Begin typing your search above and press return to search. Press Esc to cancel.

In the Orbit of Big Star

Big Star had a short run—from 1971 to 1975—but the Memphis-based rockers recorded three influential albums and went on to acquire cult status. Earlier this year, Craft Recordings reissued on vinyl the first two Big Star albums, #1 Record and Radio City, originally recorded in Memphis at the legendary Ardent Studios. The Craft reissues feature all-analog mastering by Jeff Powell at Memphis’s Take Out Vinyl and were cut to 180-gram vinyl at Memphis Record Pressing. Those classic LPs initially were released on Ardent’s imprint and distributed by the Memphis-based Stax label, landing this upstart white rock band on the greatest soul label of all time.

Big Star blazed the trail for 80s and 90s alt-rock. The songs sound as fresh today as they did when this infectious mix of Southern rock, jangle pop, soul, folk, Beatle-esque hooks, and Velvet Underground hipness blew out of Memphis on the strength of the brilliant singer and songwriting team of Alex Chilton and Chris Bell—the Lennon and McCartney of indie rock. Rolling Stone has called Big Star the “quintessential American power-pop band” and “one of the most mythic and influential cult acts in all of rock and roll.” The original lineup featured Chilton (guitars, vocals), Bell (guitar, vocals), Andy Hummel (bass, vocals) and Stephens (drums). 1975’s Third/Sister Lovers featured Chilton and Stephens augmented by such Memphis session elites as Stax guitarist Steve Cropper and Jim Dickinson (who also produced).

The list of acts caught in Big Star’s orbit include R.E.M., the Replacements, Wilco, Yo La Tengo, and Chris Stamey of the DBs. The Replacements even recorded a namesake tribute to Chilton on 1987’s Pleased to Meet Me; the Bell/Chilton song “In the Street” became the theme song to the popular TV series That 70s Show; Wilco and others joined Stephens at a 2016 tribute concert (Jeff Tweedy and R.E.M. bassist Mike Mills teamed up for a cover of “In the Streets”); and the Yeah Yeah Yeahs covered the Big Star single “Thirteen” in 2018.

Over the years, the band’s albums have been reissued in the UK, in 1978 as a double-LP featuring the first two albums; by Rykodisc (whose 1992 reissue series sparked a revival); and now Craft/Concord. In 2018, Omnivore released the obscure 1973 concert recording Big Star: Live at Lafayette’s Music Room, sans Bell. Chilton and Stephens reunited in 1993 with members of the Posies and recorded In Space. A subsequent tribute album, Big Star, Small World, recorded in the 90s, went unreleased until 2006. Chilton and Stephens continued to tour until 2010, shortly before Chilton’s death following a heart attack.

Here are three more essential Big Star-related recordings:

Chris Bell: I Am the Cosmos. Rykodisc.
This double album is a psyche masterwork. The commercial failure of #1 Record sent Bell into a deep funk and led him to quit Big Star, though he contributed several songs, including “O My Soul” and “Back of a Car,” to the band’s 1974 sophomore effort, Radio City. This, his only solo album, went unreleased for 15 years. I Am the Cosmos finds Bell channeling his inner Syd Barrett and adroitly contemplating his mental decline. Though the album includes shiny Big Star-worthy material (“Get Away,” “I Got Kinda Lost”), it is sometimes a gut-wrenching album, filled with angst and dark guitar hooks, as on “Better Save Yourself.” Chilton contributes vocal harmony on the delicate Beatle-esque ballad “You and Your Sister.” This two-CD compilation has been updated and expanded to feature all of Bell’s post-Big Star material.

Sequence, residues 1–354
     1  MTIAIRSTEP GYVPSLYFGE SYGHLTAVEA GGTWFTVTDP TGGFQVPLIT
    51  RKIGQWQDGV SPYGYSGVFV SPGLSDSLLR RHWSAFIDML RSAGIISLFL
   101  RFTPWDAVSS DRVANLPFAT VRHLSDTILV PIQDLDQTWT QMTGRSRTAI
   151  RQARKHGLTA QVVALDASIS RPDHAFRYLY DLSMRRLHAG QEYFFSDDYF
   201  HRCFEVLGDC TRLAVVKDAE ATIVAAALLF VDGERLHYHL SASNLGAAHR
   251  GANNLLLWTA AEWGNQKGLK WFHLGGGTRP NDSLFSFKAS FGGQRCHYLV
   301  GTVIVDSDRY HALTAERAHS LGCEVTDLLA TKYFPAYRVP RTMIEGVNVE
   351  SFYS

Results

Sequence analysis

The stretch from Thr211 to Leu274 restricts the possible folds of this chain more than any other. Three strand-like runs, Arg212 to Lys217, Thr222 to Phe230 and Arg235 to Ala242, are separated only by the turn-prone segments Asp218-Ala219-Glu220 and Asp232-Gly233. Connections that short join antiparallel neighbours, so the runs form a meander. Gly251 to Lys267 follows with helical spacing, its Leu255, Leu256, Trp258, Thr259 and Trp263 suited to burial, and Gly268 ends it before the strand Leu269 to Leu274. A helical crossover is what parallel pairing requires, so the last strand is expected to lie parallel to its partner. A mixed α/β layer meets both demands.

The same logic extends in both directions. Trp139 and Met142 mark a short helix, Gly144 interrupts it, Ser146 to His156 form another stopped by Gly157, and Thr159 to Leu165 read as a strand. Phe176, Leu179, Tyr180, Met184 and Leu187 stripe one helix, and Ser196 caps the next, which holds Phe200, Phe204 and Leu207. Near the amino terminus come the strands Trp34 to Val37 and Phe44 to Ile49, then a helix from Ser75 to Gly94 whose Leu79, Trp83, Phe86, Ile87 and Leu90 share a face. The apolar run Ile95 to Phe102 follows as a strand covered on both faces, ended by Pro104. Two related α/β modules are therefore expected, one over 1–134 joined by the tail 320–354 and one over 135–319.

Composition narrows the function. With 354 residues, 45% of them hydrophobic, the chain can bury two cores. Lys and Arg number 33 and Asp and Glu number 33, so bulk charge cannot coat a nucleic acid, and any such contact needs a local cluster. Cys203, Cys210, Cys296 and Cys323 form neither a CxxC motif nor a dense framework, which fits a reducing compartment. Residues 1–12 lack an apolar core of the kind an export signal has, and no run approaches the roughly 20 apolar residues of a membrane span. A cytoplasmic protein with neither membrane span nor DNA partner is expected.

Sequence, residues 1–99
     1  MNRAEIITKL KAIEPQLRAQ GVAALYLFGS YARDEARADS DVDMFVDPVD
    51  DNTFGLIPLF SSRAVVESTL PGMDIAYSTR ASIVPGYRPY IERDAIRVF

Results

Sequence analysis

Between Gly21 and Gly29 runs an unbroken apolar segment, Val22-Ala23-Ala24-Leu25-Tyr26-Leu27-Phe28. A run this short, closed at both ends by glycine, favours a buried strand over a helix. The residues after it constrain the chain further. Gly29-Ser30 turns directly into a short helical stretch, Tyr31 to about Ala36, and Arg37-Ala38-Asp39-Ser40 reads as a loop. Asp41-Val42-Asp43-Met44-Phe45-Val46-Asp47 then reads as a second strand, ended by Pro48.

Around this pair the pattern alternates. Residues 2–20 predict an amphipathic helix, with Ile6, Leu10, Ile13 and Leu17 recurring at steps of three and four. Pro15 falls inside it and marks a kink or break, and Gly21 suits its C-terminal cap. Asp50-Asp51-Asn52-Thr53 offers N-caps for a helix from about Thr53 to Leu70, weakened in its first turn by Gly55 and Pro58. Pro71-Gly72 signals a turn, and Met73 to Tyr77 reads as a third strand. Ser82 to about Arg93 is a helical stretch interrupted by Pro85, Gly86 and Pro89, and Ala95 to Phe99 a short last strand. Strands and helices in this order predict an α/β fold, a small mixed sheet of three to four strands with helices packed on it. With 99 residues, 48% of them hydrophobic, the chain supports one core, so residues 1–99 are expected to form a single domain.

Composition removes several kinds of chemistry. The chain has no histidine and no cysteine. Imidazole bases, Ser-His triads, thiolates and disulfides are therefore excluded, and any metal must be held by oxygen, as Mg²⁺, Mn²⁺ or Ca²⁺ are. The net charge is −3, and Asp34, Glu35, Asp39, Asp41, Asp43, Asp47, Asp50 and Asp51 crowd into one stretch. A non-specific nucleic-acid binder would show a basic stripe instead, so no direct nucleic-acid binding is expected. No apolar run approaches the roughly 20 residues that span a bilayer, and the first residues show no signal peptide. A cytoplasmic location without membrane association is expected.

Alex Chilton: From Memphis to New Orleans. Bar None.
As a teen, Chilton gained national attention as the singer of the hit Box Tops single “The Letter,” which showcased the raw blue-eyed soul he brought to Big Star and later to his solo recordings. This great sounding 15-track compilation gathers some of Chilton’s soul-oriented material, though it foregoes his quirkier songs—for those, including his ragged rendering of “Volare” and “Ti Ni Nee Ni Noo/Tip on In,” refer to High Priest (Big Time) or 19 Years: A Collection of Alex Chilton (Rhino).

Big Star: Live. Rykodisc.
Recorded for a radio broadcast shortly after the release of Radio City, this album captures Chilton, Stephens, and bassist John Lightman live to two-track at Ultrasonic Studios in New York in front of a dozen or so faithful fans. The sound is fantastic: tight, raw and intimate. Each of the band’s live recordings has its merits, but this one is special.


Read Next From Blog

See all

Q&A with Joel Sietsema of Marantz and Classé Audio

What spurred your interest in high-end audio? Did it come […]


So Is It Really Hi-Res?

It’s been known for several years now that, while it’s […]


Audio Connection | A Visit to a Local Audio Shop by your Roving Reporter Dr. Matt Clott

Sometimes you want to go Where everybody knows your name… […]


Polk Audio Introduces Latest Line of Premium Loudspeakers: The Reserve Series

The following is a press release issued by Polk Audio. […]

Sign Up To Our Newsletter